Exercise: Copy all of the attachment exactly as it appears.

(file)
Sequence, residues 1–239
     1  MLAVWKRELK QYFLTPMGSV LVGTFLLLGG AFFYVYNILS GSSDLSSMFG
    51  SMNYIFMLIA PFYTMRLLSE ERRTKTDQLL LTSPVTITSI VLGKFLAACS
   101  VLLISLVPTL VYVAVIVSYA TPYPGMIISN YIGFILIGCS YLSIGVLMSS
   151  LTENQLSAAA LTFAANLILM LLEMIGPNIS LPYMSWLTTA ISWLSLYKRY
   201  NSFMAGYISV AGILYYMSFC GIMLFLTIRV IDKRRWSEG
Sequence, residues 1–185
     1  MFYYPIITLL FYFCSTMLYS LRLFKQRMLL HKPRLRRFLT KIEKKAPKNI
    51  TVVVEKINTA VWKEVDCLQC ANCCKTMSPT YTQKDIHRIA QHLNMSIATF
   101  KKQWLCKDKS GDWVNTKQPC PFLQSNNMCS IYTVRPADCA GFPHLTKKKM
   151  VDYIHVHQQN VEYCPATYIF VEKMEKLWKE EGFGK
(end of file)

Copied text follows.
Sequence, residues 1–239
     1  MLAVWKRELK QYFLTPMGSV LVGTFLLLGG AFFYVYNILS GSSDLSSMFG
    51  SMNYIFMLIA PFYTMRLLSE ERRTKTDQLL LTSPVTITSI VLGKFLAACS
   101  VLLISLVPTL VYVAVIVSYA TPYPGMIISN YIGFILIGCS YLSIGVLMSS
   151  LTENQLSAAA LTFAANLILM LLEMIGPNIS LPYMSWLTTA ISWLSLYKRY
   201  NSFMAGYISV AGILYYMSFC GIMLFLTIRV IDKRRWSEG
Sequence, residues 1–185
     1  MFYYPIITLL FYFCSTMLYS LRLFKQRMLL HKPRLRRFLT KIEKKAPKNI
    51  TVVVEKINTA VWKEVDCLQC ANCCKTMSPT YTQKDIHRIA QHLNMSIATF
   101  KKQWLCKDKS GDWVNTKQPC PFLQSNNMCS IYTVRPADCA GFPHLTKKKM
   151  VDYIHVHQQN VEYCPATYIF VEKMEKLWKE EGFGK